It seems perfectly plausible that she may have been encouraged to consider marrying her cousin, as they came from families with a similar background. In addition, my great-grandfather’s family could have encouraged the match because even though she no longer had the financial stability that her parents could have offered her, the fact that she was a cousin may have rendered that fact irrelevant.
If my great-grandfather had married his second cousin, this would be an example of pedigree collapse. However, if this occurred generation after generation, whether because it was encouraged by tradition or simply because there was no one else to marry, this would be an example of endogamy.
Are most marriages Endogamous?
In a technical sense, many marriages are endogamous. This is because most people marry people who are from the same social group as they are, and they tend to share language, religion, and cultural similarities.
This happens even when people do not try to marry within their group on purpose. Endogamy often occurs because there is little or no access to people from outside groups due to factors beyond control, such as geographic isolation.
Furthermore, people from the same cultural group likely share common ancestors, even if they are probably only very distantly connected and unaware of who their shared ancestors might be.
When we use the term endogamy, however, we are usually referring to marriages between closer family relationships, such as second, third, and fourth cousins. These cousins may not know exactly how they are related, but they likely do know that they have some sort of family connection – even if it is distant.
How does Endogamy affect DNA?
Endogamy can affect our DNA and relationship with our genetic matches because of the way that DNA is inherited. While we do not inherit DNA from all of our ancestors, we do inherit it from some of them, and even after several generations, we are likely to have at least one small segment that was passed down from any given ancestor from that generation.
If we share several ancestors within the past 6-8 generations with a DNA match, we might have multiple DNA segments in common with the match, since we both might have inherited the same segment passed down from all, or most, shared ancestors.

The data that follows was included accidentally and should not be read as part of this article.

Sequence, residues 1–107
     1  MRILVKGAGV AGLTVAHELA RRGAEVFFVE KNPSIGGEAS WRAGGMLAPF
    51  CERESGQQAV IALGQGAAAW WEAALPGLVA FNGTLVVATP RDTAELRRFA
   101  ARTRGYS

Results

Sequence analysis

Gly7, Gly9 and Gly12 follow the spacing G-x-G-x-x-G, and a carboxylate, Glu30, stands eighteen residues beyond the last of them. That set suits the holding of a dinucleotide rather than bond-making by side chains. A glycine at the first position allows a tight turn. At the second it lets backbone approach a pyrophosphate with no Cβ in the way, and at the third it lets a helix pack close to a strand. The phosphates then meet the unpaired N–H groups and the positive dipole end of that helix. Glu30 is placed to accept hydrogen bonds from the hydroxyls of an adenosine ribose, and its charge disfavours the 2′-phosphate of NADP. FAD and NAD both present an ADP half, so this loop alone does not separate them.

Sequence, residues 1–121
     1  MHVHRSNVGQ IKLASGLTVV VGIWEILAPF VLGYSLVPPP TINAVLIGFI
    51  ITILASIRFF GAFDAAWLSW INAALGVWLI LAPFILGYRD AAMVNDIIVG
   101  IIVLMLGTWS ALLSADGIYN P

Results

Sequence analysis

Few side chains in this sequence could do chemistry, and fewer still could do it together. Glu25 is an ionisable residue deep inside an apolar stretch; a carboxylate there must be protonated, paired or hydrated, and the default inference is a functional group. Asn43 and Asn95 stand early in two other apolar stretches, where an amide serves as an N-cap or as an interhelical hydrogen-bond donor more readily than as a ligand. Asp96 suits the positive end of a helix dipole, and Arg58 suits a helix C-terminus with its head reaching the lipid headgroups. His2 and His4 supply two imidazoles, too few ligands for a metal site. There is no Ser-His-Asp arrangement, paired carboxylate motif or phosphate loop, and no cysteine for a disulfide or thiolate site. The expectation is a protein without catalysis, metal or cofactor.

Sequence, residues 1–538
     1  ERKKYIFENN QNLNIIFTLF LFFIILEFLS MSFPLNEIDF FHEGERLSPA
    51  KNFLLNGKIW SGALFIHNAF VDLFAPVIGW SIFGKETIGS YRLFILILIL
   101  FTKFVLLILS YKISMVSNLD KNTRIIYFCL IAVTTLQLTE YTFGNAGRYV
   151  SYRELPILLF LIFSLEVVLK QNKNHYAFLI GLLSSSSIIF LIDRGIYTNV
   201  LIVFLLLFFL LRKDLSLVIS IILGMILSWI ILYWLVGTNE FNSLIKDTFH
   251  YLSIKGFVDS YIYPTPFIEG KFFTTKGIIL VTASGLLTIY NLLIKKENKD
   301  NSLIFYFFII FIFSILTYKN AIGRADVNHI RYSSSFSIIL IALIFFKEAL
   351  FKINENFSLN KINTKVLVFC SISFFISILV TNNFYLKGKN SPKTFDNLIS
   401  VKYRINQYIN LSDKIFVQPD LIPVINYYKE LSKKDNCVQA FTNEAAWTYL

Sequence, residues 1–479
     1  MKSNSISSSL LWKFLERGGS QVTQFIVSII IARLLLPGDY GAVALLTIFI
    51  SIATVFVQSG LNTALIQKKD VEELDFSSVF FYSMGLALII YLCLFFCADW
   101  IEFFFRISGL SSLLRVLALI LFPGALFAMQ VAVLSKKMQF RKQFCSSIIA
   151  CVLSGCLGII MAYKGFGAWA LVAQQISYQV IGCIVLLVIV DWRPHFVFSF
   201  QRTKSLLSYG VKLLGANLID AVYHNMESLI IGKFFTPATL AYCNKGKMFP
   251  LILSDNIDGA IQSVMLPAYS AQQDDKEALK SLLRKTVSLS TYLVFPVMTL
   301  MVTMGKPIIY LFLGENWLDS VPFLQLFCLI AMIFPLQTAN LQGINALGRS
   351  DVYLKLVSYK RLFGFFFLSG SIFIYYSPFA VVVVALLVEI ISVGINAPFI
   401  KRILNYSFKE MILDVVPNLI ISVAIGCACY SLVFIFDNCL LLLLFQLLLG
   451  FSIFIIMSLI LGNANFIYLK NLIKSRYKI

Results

Endogamy can often skew the total amount of DNA that we share with a distantly-related DNA relative because of the multiple shared segments. A higher amount of shared DNA can lead us to mistakenly believe that our most recent common ancestor is more recent, and the genealogical relationship closer, than it really is.
I hope that this post has helped you understand a bit more about exactly what endogamy is, how it affects our family tree and DNA matches, as well as which factors influence it most.
If you have any questions about something that you read in this post, or if you would like to share your own example of endogamy in your family tree, I would love to hear from you in the discussion below.
Thanks for reading today!
Monday 30th of May 2022
My own family tree I believe has examples of this. I descend from John Dowling I; He had 2 sons among other children.. oddly enuf my paternal grandmother comes from one & my paternal grandfather another; and apparently my family is famous as an inbreeding example ( Libby & Larrabee) intermarry many times on my tree.. it’s actually the focus of a published article for genealogy research…
Sunday 5th of June 2022
Hi Bernice, That's a great story! I am glad that you were able to research those lines of your tree to figure out that endogamy. If we look hard enough, almost all of us will be able to find some in our tree. Thank you for your comment :) Mercedes
Sunday 14th of November 2021
There has been some talk that my paternal grandfather wasn't my grandfather, but that his brother, my great-uncle was actually my dad's dad. How would this show up in my dna and matches?